£20m tool to be used to dismantle nuclear site
A 16-piece tool dubbed the world's most sophisticated Swiss Army knife is to help dismantle the Dounreay Fast Reactor (DFR) in Caithness.
The device cost £20m to design and build and will operate in highly radioactive conditions inside Dounreay's landmark Dome.
Its detachable tool bits cost £100,000 each and weigh between 37-93kg.
They will cut and grab 977 metal rods once used to "breed" plutonium from uranium.
Measuring about 2.5m (8ft) in length, the rods resemble thin sections of scaffolding.
UK government agency, Nuclear Decommissioning Authority (NDA), has proposed transporting the metal, which is known as breeder material, by train to Sellafield in Cumbria to be reprocessed.
The new 4m (14ft) long device has been moved into position above the DFR's reactor vessel, ready to be lowered into the darkness of the reactor vessel where it will "harvest" the metal rods.
Before this work can start, a liquid metal will have to be drained from the vessel over the next 12 months.
The tool is also being put through a series of "robust" tests and its operators are receiving training.
Once in place, the device will operate in highly radioactive conditions and in a nitrogen atmosphere. Nitrogen prevents any residue of the liquid metal from reacting.
- The Dounreay Fast Reactor operated between 1959 and 1977
- Two thousand metal rods had surrounded the DFR's core
- More than half were removed during the 1980s. However, a number were found to be jammed in place and Dounreay also ran out of storage space for removed rods
Exposure to water or oxygen would cause the metal to catch fire.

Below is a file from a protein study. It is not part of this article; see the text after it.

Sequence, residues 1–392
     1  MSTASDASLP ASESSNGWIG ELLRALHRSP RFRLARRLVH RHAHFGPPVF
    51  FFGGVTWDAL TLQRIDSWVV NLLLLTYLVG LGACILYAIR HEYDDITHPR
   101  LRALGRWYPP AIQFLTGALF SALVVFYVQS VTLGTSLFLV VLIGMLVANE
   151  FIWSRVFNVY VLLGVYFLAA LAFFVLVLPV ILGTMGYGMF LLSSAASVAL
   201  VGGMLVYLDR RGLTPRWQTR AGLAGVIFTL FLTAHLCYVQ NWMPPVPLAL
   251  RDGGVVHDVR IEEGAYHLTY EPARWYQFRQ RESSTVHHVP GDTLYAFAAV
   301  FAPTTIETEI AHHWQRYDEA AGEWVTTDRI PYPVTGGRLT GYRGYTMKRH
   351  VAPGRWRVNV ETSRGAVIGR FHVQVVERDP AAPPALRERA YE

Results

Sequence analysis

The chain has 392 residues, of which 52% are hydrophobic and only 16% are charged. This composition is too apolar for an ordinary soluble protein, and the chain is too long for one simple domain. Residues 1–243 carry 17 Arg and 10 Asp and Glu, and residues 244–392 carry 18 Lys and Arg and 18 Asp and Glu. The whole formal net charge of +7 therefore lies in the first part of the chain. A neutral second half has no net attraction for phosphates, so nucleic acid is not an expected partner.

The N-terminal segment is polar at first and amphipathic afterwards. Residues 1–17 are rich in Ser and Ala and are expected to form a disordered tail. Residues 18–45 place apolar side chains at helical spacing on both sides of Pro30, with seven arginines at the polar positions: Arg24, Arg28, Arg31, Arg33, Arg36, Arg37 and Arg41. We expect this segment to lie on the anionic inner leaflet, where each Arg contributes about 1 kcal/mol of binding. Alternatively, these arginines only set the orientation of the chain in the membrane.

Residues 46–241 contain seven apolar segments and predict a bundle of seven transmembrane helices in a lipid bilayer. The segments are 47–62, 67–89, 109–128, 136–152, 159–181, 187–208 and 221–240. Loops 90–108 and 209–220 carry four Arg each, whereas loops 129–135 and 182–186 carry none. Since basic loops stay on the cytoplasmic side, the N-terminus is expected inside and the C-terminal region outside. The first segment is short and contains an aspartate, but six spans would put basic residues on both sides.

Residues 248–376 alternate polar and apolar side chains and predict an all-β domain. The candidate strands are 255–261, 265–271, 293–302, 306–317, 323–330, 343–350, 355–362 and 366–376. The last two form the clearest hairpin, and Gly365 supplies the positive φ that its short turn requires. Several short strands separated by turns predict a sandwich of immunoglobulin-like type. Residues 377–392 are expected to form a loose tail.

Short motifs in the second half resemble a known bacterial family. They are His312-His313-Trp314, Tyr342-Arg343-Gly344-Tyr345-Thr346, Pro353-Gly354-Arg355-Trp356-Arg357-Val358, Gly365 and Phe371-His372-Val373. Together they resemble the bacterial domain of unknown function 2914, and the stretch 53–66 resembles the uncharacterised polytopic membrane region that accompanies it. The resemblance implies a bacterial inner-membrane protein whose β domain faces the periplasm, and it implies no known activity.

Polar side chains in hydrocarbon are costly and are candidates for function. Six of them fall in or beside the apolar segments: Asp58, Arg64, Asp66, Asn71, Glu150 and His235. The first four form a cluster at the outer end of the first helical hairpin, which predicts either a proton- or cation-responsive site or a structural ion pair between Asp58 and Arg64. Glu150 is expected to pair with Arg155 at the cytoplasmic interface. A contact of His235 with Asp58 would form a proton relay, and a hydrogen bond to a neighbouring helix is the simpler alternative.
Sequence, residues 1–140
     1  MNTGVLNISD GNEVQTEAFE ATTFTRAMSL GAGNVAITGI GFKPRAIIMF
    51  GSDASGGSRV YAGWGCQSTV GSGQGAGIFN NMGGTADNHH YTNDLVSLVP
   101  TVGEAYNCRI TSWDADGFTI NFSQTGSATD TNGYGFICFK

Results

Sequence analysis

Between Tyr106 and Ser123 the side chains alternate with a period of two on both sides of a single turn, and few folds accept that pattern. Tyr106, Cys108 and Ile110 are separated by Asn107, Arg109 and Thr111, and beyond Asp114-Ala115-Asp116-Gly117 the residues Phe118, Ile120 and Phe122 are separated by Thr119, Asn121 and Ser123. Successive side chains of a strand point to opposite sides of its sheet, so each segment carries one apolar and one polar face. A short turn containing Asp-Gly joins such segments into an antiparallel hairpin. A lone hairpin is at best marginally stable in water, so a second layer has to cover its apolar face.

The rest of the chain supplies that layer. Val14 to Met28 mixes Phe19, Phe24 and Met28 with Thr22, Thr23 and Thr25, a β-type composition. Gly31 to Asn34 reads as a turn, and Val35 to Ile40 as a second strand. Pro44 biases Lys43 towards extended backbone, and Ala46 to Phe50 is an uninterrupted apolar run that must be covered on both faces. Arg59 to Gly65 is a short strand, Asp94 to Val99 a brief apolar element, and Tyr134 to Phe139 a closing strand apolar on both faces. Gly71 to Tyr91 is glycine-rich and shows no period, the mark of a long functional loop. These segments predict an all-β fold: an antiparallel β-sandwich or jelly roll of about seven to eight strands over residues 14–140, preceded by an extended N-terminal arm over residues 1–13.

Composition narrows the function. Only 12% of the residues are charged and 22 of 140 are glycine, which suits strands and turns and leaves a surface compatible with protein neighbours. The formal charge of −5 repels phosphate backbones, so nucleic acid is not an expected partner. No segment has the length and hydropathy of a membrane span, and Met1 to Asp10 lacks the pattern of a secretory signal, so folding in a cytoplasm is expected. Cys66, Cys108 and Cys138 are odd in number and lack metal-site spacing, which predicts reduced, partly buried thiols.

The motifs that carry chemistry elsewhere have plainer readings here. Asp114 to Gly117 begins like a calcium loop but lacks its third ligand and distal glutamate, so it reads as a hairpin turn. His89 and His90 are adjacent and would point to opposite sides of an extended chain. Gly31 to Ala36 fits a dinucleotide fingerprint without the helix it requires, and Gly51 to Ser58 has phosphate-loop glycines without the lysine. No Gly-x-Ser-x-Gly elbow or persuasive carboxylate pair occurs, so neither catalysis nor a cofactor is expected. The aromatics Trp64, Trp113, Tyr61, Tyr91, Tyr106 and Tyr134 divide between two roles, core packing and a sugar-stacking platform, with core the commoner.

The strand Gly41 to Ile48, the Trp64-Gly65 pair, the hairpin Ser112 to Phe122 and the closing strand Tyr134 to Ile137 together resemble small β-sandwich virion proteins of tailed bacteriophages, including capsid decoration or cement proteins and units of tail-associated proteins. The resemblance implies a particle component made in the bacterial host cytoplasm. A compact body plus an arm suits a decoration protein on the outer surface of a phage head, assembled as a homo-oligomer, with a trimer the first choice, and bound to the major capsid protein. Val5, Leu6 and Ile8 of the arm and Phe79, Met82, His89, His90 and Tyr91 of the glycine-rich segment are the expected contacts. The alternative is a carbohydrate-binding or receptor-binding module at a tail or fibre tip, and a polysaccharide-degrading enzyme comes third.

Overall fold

Alex Potts, the engineer in charge of the Dounreay Site Restoration Limited (DSRL) project, said it was too dangerous for people to work inside the reactor vessel.
He said: "The reactor was a one-off design and so is the tool we need to take out the breeder rods.
"It's too toxic in there for anyone to do the job manually - the radiation levels are still very high and the residual traces of liquid metal coolant add to the hazard - so we need a tool capable of doing the job by remote control.
"It's a pretty sophisticated version of a Swiss army knife the team came up with."
Up to three tool bits will be in use at any one time and can be replaced by another three carried in a special tool box without the need to remove the tool itself from the reactor.
The rest of the tool bits will be stored above the reactor and would be fitted into place during service and maintenance breaks.
Special radiation-proof cameras and spotlights will guide operators working around the clock in a control room 6m (20ft) above the reactor.
The device, designed and built by French firm Framatome, is among the most expensive in the Dounreay "tool box".
Others include a £100,000 pipe crawler, a device described by its operators as a hi-tech worm, which was deployed to probe the condition of a pipeline once used to discharge radioactive effluent from the site.
A van-sized machine has also been retrieving radioactive particles from the seabed near Dounreay.
But project costs have also been cut with the use of household cleaning products in the clean-up of equipment removed from the experimental nuclear power plant.